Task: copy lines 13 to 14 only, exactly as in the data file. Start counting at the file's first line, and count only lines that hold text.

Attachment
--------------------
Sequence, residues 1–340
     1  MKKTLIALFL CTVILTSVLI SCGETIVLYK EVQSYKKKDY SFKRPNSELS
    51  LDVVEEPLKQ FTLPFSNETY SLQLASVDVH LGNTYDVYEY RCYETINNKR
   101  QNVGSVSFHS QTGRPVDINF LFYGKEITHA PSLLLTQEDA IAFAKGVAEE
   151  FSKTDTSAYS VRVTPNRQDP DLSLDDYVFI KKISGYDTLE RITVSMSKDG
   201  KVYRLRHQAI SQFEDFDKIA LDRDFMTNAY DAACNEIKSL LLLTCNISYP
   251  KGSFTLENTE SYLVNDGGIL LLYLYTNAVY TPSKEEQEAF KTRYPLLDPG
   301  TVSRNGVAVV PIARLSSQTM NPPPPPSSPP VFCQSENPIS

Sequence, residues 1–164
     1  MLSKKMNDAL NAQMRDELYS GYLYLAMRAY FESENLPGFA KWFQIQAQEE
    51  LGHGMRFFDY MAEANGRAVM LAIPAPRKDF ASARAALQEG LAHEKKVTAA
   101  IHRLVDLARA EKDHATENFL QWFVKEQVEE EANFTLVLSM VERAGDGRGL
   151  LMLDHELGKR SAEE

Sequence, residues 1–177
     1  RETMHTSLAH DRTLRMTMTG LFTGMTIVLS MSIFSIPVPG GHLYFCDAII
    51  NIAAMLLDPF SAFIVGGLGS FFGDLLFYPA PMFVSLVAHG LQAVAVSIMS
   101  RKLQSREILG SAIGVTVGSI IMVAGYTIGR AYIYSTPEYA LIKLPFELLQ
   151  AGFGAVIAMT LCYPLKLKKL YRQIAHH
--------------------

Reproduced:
   151  LMLDHELGKR SAEE

Sequence, residues 1–177